"By mapping the appearance and frequency of genetic markers in modern peoples, we create a picture of when and where ancient humans moved around the world," explains National Geographic's Genographic Project, a DNA study collecting DNA samples from humans all over the planet.
The science behind SNPs and deep genetic ancestry is complex, and it can't tell you everything. But knowing where you fit in on the family tree of humanity certainly gives a broader, richer meaning to your own paper-trailed family tree.
What SNPs are and how they work
Very simply, a Single Nucleotide Polymorphism (SNP, pronounced "snip") is a genetic variation that is passed down from generation to generation in DNA. It becomes helpful to genealogists because not only is it inherited, but it's an unusual enough occurrence that it can be tracked as well. "SNP mutations are rare," writes Family Tree DNA, a genetic testing company. "They happen at a rate of approximately one mutation every few hundred generations."
Certain SNPs can be traced back to the population where the mutation first made its appearance. These populations are haplogroups, which National Geographic describes as "branches on the tree of early human migrations and genetic evolution." Haplogroups can be further divided into subclades.
What can SNPs tell you?
Knowing your haplogroup and subclade reveals your deep genetic ancestry; that is, where your ancestors lived and migrated thousands of years ago. Haplogroup R1b is commonly found on the west Atlantic coast, for example, while haplogroup O began in Asia roughly 35,000 years ago, branching into central and east Asia. Further SNP testing can reveal subclades, narrowing down geographic locations even further.
Although SNPs can't reveal recent genealogy, it can provide clues or an unexpected ancestral detour. One Genographic project participant, whose English grandmother had dark skin and many Gypsy friends, felt it was safe to assume her grandmother was also of Roma descent when their mitochondrial DNA was revealed to be a southwest Asian haplogroup.
Another project participant of Sicilian descent ended up, instead, narrowing his subclade down to an area around England, northern France and the Low Countries. While he assumes the migration to Sicily occurred in the last 1,200 years (based on two other Italian members of his specific cluster), DNA can't tell him when, how or why.
What SNPs can't tell you
SNPs describe broad movements and locations of people thousands of years ago, and while they are also tested through the paternal Y chromosome or maternal mitochondrial DNA like other genetic tests, they don't provide the recent history that other genetic tests do.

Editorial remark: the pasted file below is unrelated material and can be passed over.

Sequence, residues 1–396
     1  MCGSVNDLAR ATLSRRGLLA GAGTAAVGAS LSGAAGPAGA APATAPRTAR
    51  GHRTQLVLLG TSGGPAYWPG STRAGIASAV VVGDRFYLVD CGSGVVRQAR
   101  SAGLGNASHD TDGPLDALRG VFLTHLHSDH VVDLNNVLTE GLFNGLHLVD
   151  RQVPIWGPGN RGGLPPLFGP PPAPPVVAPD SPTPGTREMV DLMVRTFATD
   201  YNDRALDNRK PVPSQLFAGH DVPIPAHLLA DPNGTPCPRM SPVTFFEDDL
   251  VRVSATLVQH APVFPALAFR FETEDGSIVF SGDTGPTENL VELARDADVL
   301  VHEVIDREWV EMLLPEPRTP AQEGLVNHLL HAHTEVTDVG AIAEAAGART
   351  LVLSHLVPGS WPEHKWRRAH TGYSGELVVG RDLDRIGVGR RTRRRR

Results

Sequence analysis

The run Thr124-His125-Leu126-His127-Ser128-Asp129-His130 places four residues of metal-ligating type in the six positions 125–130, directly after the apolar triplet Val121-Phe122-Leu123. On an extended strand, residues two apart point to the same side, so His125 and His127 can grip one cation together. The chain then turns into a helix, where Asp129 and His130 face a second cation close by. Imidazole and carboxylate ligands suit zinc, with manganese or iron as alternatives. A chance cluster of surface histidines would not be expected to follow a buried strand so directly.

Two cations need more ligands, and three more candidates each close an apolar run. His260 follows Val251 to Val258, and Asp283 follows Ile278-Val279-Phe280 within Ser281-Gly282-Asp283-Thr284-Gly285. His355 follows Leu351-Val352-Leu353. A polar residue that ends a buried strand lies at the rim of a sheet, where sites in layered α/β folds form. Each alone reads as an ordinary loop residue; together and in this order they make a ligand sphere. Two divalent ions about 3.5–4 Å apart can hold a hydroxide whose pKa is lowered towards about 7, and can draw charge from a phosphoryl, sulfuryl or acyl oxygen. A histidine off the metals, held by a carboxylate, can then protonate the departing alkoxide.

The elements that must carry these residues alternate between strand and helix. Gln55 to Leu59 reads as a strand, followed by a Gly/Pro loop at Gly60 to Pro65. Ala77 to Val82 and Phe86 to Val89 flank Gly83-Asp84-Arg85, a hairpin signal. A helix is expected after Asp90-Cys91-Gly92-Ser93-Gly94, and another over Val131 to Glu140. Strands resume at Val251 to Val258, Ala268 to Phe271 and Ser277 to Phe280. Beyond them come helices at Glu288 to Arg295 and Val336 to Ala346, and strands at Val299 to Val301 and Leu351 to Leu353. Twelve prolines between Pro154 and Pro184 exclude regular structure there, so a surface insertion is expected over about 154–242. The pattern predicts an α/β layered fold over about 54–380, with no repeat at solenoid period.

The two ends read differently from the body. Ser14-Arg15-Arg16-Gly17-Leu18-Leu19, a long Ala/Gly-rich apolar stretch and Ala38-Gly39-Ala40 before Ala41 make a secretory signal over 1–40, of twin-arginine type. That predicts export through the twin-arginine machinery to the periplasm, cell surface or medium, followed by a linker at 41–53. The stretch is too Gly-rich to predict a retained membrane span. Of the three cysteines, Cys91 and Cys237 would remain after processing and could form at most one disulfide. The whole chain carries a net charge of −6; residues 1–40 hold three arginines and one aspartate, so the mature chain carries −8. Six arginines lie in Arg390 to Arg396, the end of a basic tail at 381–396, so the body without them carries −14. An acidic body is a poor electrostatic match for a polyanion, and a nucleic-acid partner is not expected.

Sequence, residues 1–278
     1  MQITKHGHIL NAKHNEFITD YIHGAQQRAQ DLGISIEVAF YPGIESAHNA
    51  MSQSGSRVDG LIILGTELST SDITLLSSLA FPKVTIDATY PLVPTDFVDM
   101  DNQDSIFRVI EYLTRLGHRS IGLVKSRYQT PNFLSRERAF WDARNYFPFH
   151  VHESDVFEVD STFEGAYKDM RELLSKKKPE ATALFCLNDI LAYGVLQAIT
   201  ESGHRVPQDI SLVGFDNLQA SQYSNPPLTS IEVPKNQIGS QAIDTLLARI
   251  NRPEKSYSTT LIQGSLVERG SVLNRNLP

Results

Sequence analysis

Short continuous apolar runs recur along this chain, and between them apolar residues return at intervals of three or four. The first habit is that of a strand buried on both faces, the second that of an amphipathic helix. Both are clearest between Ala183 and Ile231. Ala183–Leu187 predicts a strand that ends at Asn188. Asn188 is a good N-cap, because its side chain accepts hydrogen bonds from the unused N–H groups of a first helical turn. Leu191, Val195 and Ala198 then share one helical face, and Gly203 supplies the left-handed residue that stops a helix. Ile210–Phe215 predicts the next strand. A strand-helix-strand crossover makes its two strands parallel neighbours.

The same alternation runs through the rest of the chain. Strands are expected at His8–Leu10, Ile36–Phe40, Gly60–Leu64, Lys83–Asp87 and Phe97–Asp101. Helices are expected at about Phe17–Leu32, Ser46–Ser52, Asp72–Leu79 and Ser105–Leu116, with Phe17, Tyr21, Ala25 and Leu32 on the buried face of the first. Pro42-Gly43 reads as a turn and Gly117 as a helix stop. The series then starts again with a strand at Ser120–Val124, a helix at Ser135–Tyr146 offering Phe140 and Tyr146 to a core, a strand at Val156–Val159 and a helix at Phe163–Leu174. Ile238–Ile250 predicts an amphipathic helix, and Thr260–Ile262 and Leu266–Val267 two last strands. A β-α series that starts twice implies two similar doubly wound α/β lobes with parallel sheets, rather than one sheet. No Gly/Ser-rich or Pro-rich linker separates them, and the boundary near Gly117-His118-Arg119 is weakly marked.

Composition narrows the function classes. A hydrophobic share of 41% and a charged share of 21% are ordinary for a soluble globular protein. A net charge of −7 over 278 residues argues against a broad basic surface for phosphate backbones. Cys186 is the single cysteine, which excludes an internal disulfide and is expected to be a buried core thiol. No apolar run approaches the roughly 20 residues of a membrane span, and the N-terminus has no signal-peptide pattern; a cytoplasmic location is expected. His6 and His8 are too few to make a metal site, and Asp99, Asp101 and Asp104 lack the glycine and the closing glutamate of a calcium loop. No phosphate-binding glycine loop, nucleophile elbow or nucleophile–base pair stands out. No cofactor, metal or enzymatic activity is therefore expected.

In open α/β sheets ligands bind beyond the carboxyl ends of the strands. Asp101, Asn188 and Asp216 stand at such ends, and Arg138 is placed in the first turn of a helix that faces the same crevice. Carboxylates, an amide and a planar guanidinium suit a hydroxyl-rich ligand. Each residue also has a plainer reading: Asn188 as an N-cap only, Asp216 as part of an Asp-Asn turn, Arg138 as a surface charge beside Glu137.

And while one Genographic participant was able to come to an ethnicity conclusion based on her maternal ancestor's appearance, habits and haplogroup results, it is inaccurate to believe that SNP testing alone will necessarily confirm a specific ethnic or cultural identity. "Haplogroups are not cultural groups," advises the International Society of Genetic Genealogy, "although a haplogroup can be strongly represented by a cultural population such as American Indians."
The Genebase blog is even more blunt. "No, your haplogroup will not tell you if you are Welsh or Irish. It will not tell you your ethnicity. Although there are associations between ethnic groups and haplogroups, you must remember that haplogroups represent deep ancestry, tracing events from tens of thousands of years ago."
Also, because SNP testing is done on mitochondrial or Y chromosome DNA, not all of a person's genealogy lines can be tested. Someone can find out the haplogroup for his father's father's father's line, or her mother's mother's mother's line, but to learn the deep ancestry of your maternal grandfather or paternal great-grandmother will require finding a relative who is descended from them exclusively through a maternal or paternal line.
So why test for SNPs?
Knowing your haplogroup and subclade, even for a few of your many ancestral lines, gives you an exciting look at what your ancestors did long before any genealogical paper trail came into existence. Many people also find that their sense of family expands to include millions of other people, if not all of humanity.
"When I see other people, I feel an even stronger connection to them now," writes one of the Genographic participants. "We're not just siblings in spirit. We really are related, no matter how distantly."
There are several tests available, at varying prices, to discover your haplogroup. The kit through the Genographic project costs $99.95 plus shipping, handling and any applicable taxes. The project will perform one test of your choice on the sample you provide (mtDNA or Y chromosome). For more information, visit http://genographic.nationalgeographic.com.